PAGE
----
A look at 2-7 lowball strategy
The 42nd annual World Series of Poker is off and running. With many of the events having increased registration year after year and the new elaborate ESPN final table stage drawing positive feedback, the excitement is definitely in the air at the Rio All-Suite Hotel and Casino in Las Vegas.
The first week of the WSOP was highlighted by the $25,000 heads-up event. Britain's Jake Cody became poker's youngest triple crown winner by defeating Gus Hansen (the 2010 WSOP Europe heads-up champion) and Yevgeniy Timoshenko in the semifinals and finals, respectively.
During the second week, the spotlight shined brightly on the $10,000 2-7 lowball championship final table. Combined, the final seven players owned 19 WSOP bracelets, and one of those players was the defending champion, David Baker. Phil Hellmuth, the 11-time WSOP bracelet winner, came close to adding to his record by winning his first non-hold 'em bracelet, but despite a 3:1 chip advantage heading into heads-up play, four-time WSOP bracelet winner John Juanda overcame the deficit and captured his fifth bracelet and earned $367,170.
With its similarities to no-limit hold 'em, 2-7 lowball (sometimes referred to as Kansas City lowball) has had a small resurgence over the last few years. The $10,000 buy-in deuce-to-seven lowball event had a 25 percent increase in registration from 2010 to 2011 (101 to 126), and the $1,500 buy-in deuce-to-seven lowball event had a solid increase of 10 percent (250 to 275).
Having recently made the WSOP final table in the $1,500 buy-in deuce-to-seven lowball event, which was won by Matt Perrins, I have been asked numerous times for some tips on how to play the game. Here's a review of the basic strategies for the game that many poker players have referred to as the purest form of poker.
This version of poker is a five-card draw game in which the lowest hand wins, which is the complete opposite of most games played in poker. In this version of lowball, straights and flushes do count against you and an ace is considered only high. Thus, the best possible hand is 7-5-4-3-2 unsuited (hence the name deuce-to-seven). That hand is often referred to as "No. 1," since it's the best hand.
Each player is dealt five cards, and as a result, the table is limited to seven players, as opposed to the nine- or 10-handed action you'll find at a full-table no-limit hold 'em game.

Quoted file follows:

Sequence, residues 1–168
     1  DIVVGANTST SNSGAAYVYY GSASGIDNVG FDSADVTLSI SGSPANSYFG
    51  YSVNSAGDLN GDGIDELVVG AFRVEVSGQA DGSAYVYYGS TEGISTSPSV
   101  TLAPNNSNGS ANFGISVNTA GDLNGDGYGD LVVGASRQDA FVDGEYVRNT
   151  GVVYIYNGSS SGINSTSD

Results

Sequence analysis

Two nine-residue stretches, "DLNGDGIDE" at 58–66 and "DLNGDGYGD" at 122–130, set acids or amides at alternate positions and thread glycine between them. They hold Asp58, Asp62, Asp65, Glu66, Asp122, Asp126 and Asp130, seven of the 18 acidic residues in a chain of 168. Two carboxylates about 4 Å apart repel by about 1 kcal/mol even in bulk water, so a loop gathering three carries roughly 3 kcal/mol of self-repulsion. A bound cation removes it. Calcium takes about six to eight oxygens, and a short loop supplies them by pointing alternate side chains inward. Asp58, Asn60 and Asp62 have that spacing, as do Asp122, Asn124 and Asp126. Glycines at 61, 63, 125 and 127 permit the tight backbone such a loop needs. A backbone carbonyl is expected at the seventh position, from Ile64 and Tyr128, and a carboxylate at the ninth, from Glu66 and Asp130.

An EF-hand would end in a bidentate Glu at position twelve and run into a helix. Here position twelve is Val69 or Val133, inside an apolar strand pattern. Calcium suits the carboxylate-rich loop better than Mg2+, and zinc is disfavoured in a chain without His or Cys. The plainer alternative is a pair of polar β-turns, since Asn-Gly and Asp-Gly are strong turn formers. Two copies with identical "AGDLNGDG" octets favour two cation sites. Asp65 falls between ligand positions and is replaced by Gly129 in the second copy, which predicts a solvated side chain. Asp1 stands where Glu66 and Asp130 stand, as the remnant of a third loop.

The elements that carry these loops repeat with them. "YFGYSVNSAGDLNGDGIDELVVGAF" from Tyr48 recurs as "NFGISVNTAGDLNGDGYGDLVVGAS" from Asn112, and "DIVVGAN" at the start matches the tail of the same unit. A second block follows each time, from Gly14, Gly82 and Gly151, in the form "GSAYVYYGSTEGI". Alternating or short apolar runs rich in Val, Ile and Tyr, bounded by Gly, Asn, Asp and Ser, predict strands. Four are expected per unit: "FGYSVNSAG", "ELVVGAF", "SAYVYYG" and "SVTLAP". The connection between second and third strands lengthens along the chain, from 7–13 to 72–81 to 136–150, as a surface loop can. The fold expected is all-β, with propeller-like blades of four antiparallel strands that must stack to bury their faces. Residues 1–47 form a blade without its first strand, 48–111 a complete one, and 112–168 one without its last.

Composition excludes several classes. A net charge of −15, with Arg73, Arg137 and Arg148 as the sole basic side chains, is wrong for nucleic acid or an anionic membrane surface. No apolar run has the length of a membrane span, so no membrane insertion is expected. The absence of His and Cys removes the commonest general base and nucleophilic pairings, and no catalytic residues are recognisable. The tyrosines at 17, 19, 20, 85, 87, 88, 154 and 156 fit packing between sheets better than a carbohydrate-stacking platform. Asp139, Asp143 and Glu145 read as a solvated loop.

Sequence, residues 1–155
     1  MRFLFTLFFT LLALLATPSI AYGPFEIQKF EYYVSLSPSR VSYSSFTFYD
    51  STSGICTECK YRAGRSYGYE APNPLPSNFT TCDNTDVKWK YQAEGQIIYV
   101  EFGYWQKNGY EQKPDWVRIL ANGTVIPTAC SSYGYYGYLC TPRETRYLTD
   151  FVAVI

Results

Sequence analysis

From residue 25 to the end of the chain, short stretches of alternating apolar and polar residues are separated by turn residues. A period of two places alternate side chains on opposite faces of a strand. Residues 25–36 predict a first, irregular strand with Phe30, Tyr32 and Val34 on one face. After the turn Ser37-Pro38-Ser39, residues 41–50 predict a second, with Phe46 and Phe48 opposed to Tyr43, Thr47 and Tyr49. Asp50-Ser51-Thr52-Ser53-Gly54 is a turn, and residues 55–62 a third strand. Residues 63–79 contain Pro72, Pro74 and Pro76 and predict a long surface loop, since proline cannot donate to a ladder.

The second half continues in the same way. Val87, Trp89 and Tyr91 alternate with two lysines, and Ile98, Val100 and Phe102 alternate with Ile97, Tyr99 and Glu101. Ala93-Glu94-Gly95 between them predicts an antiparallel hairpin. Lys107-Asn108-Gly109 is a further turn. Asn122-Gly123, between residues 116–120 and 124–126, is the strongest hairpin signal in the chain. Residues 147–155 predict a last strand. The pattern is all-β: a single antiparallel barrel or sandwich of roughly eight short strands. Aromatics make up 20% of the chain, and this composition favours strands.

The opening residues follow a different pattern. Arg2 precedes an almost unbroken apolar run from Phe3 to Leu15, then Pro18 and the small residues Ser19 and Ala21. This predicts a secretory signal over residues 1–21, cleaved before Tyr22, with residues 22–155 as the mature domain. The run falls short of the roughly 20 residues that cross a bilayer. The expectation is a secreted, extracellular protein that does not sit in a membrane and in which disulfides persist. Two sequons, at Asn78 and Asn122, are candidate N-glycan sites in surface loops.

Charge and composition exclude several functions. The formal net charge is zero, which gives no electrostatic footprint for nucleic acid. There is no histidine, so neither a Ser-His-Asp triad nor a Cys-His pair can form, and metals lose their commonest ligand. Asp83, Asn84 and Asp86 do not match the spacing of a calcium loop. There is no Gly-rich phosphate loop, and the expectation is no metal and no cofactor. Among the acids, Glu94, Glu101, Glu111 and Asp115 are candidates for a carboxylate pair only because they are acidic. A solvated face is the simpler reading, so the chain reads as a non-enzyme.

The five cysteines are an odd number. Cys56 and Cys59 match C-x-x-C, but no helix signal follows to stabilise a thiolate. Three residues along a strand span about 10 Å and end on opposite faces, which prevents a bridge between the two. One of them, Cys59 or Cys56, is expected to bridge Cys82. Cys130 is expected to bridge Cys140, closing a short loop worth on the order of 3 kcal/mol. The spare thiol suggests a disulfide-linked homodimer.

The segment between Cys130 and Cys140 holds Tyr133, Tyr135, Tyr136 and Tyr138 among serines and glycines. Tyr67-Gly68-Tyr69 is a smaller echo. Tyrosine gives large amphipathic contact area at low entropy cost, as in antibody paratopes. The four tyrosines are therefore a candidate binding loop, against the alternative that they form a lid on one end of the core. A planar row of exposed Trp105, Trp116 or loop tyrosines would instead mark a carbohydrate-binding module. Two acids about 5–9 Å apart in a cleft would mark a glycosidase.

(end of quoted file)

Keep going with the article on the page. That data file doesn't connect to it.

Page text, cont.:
Deuce-to-seven lowball has a similar set up as hold 'em with a small blind, big blind, button and antes.
There is one significant difference between the two games: There is no limping allowed. To enter a pot, you must raise. Since there is only one draw in deuce-to-seven lowball no-limit, there are only two rounds of betting: predraw and postdraw. Just like in hold 'em, the minimum raise predraw is double the big blind and the minimum bet postdraw is the amount of the big blind.
A) Being dealt No. 1 in deuce-to-seven lowball is extremely rare, about 2,550:1. However, there are other hands that are very powerful. Here is my way to remember the order of best hands in deuce-to-seven lowball: 4-5-9.
4: number of seven combinations
5: number of 8-5 (one) and 8-6 (four) combinations
9: number of 8-7 combinations
There are 34 combinations of 9, so you can see how powerful it is to have an 8-low or better. Generally, a hand that is 9-low or better is a solid hand. However, you often see 10-low as the winning hand.
B) Advice on drawing:
Rarely do you want to draw more than one card. Of course, there are exceptions, such as blind versus blind or big blind defending versus a very aggressive player. To be successful, try to limit your draws to one card. If you do not need to draw a card, you would stand "pat."
Additionally, you would rather draw to a hand that is "smooth," or with low cards after your highest one (ex: 9-4-3-2), rather than "rough" (ex: 9-8-7-2). The reason is very similar to the hold 'em concept of your kicker. In hold 'em, if you play A-J and flop an ace, you could lose a big pot to your opponent's A-K. Similarly, if you catch your 9-low, your opponent could have a smoother 9 and you will lose a potentially critical pot.
One of the golden rules of deuce-to-seven lowball is that if your opponent draws one card and you have a jack-pat, or a hand that requires no draw, you should not draw and remain pat as you are a favorite. If your opponent draws two cards, you should remain pat with a queen or better as you are a favorite to win the hand.
In no-limit hold 'em, everyone discusses the importance of position. In 2-7, position is paramount because you will not only know how much they will bet but also know how many cards they will draw before you have to decide.
For example, if you are holding a J-8-6-4-2 and your opponent draws one card, you should stay pat as you are a favorite (as explained above). However, if your opponent stays pat, you can toss your jack and draw to an 8-low. Even if you miss, your opponent could check to you in position. Position is a huge, powerful advantage in deuce-to-seven lowball.
Lowball is a great game, because you are able to incorporate a lot of no-limit hold 'em strategies to this five-card draw game. If this game intrigues you, I hope to see you next year at the WSOP, and as for everyone else, good luck at the tables and I hope to see you at a WSOP final table this summer.
Bernard Lee is the co-host of ESPN Inside Deal, weekly poker columnist for the Boston Herald and radio host of "The Bernard Lee Poker Show."
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